Oregon Gov. Kate Brown on Tuesday signed a drought declaration for Klamath County, directing the state Department of Agriculture and Water Resources Department to coordinate assistance for water users including farmers and ranchers.
“We know 2018 is shaping up to be a very difficult year for the Klamath Basin, and we’re closely monitoring drought conditions here and statewide,” Brown said in a prepared statement. “I am committed to doing everything possible to make state resources available to provide immediate relief and assistance to water users throughout Klamath County.”
Snowpack is just 45 percent of normal so far this winter in the Klamath Basin, according to the USDA Natural Resources Conservation Service. The U.S. Drought Monitor lists most of south-central Oregon in “moderate drought,” and conditions are likely expected to worsen heading into summer.
Klamath County commissioners previously declared a drought emergency on Feb. 20 due to low snowpack, low precipitation, low stream flows and higher-than-normal temperatures. Between threats to agriculture, livestock, natural resources and recreation, officials predict conditions could result in economic losses exceeding $557 million and impacting 4,500 jobs.
The Oregon Drought Readiness Council then met and recommended the governor sign off on a state drought declaration to assist the county.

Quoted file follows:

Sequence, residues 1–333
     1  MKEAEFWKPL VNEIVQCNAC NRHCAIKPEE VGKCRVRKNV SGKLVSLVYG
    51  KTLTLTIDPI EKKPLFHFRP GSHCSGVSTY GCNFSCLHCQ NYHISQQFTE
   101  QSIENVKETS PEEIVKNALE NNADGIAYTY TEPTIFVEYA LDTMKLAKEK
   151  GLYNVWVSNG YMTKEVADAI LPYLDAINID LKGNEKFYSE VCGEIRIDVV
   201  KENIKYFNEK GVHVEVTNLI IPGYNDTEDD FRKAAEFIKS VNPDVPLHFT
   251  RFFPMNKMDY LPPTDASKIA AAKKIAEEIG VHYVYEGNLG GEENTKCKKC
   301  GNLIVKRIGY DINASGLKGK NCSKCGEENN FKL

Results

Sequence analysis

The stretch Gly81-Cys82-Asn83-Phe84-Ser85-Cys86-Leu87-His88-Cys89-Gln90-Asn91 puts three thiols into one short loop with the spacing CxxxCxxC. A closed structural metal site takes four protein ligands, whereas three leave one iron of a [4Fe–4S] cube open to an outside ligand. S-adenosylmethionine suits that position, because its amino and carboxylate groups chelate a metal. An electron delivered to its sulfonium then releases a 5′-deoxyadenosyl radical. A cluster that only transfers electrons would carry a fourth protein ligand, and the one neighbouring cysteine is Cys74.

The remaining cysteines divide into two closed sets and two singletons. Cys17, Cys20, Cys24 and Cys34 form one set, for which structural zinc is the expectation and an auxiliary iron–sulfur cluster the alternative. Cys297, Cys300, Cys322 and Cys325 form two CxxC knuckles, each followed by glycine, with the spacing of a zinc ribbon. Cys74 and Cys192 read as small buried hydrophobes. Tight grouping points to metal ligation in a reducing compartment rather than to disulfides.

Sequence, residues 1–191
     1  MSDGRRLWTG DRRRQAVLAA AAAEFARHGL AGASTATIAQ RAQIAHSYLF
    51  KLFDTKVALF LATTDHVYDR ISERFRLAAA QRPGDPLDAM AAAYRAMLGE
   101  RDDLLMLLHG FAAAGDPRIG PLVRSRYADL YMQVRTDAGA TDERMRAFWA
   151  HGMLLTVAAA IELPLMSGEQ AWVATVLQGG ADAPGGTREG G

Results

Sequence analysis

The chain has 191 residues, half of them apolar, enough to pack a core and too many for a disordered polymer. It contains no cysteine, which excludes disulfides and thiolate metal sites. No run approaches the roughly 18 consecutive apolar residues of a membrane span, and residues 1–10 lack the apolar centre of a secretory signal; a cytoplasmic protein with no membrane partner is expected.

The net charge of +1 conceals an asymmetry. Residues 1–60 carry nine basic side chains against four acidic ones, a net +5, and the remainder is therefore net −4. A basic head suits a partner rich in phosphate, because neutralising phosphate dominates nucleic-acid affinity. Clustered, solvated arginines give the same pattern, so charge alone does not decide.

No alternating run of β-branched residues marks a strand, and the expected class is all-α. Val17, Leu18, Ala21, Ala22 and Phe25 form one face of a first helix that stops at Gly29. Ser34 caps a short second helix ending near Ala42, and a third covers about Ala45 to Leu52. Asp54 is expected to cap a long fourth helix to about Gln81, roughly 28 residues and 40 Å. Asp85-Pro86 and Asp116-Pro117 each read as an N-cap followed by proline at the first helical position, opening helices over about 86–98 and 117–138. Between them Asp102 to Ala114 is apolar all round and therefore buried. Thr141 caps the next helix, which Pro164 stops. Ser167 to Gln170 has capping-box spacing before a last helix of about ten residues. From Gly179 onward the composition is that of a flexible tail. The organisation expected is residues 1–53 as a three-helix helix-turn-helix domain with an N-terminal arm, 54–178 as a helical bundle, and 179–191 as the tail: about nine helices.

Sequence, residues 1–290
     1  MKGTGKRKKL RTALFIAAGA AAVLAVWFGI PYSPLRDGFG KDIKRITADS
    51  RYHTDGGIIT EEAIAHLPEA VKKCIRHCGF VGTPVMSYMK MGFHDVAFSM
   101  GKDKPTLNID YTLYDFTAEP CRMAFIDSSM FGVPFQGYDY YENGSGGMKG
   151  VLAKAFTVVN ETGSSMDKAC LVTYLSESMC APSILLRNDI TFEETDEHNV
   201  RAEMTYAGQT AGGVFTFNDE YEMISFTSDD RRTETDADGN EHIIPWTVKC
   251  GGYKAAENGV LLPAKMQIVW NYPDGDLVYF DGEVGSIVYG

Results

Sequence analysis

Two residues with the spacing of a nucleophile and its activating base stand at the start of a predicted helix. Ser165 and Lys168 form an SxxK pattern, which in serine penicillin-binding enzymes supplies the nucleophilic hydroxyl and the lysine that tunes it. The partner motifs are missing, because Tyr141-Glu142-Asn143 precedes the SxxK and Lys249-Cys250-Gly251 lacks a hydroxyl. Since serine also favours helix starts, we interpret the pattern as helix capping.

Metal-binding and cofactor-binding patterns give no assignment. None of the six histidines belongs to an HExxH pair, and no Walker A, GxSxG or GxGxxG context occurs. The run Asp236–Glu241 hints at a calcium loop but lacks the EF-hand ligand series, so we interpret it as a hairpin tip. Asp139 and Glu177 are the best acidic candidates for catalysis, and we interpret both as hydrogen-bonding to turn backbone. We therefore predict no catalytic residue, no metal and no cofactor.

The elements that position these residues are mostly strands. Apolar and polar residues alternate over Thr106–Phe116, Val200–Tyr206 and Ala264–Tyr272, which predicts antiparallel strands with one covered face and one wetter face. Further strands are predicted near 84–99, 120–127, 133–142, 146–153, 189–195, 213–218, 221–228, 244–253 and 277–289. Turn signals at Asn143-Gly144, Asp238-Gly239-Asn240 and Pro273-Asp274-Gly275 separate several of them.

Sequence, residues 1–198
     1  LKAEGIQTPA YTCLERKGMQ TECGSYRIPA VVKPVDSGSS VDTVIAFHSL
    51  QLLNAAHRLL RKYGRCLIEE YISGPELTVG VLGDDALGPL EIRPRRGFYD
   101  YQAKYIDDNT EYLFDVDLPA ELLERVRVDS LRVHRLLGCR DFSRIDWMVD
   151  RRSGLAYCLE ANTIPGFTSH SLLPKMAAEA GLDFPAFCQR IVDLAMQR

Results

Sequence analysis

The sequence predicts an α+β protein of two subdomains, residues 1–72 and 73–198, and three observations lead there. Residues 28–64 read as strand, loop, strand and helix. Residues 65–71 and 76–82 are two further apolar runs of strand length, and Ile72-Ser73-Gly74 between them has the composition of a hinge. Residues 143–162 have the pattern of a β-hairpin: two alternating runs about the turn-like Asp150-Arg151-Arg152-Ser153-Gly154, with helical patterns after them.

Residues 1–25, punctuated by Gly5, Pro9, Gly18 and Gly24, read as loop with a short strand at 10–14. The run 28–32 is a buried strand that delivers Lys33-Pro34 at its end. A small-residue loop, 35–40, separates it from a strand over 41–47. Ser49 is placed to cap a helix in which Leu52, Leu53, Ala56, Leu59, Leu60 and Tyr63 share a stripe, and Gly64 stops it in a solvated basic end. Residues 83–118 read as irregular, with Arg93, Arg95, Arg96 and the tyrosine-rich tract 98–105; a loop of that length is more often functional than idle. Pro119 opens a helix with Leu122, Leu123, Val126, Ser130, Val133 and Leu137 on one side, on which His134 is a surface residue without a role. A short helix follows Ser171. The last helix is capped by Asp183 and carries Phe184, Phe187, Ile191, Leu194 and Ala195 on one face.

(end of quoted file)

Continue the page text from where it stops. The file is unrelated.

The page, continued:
A drought declaration gives the Water Resources Department a few additional tools at its disposal, such as issuing temporary emergency water use permits and temporary water exchanges. Alan Mikkelsen, deputy commissioner of reclamation for the Department of the Interior, also attended Gov. Brown’s meeting with Klamath officials and committed federal assistance to the basin.
“As we brace for another record-breaking drought year, collaboration with our federal partners will also be critical as we work toward locally supported, long-term solutions,” Brown said.
Scott Cheyne, assistant manager of the Klamath Irrigation District, said the declaration is a step in the right direction.
“Now it’s important for the federal government to follow along the lines and declare a drought that may open up some relief for the farmers here through federal programs,” Cheyne said.
The district received early irrigation information on March 9 from the Bureau of Reclamation, which emphasized that low snowpack and dry conditions have resulted in low water inflows to Upper Klamath Lake. The NRCS projects inflow to be about 54 percent of average between March and September.
While an irrigation schedule has not yet been set, Jeff Nettleton, manager of the Bureau of Reclamation’s Klamath Basin Area Office, said they are working to provide more information in the coming weeks.
“We would like nothing more than to be able to provide our Klamath Project contractors with an allocation for the year as soon as possible, and I assure you we are all working hard to get there,” Nettleton said in a statement released by the bureau. “We have been working hard with stakeholders and partner agencies to find a path forward this year despite the dire hydrological conditions.”
The Klamath Irrigation District includes 33,000 acres, with farmers and ranchers growing a variety of crops such as alfalfa hay, potatoes, garlic, onion and mint. Irrigation season usually starts April 15, Cheyne said, but he is not certain exactly how the drought will affect this year’s timing.
“We’re hoping for a miracle March, but we’re in a pretty deep hole right now,” he said.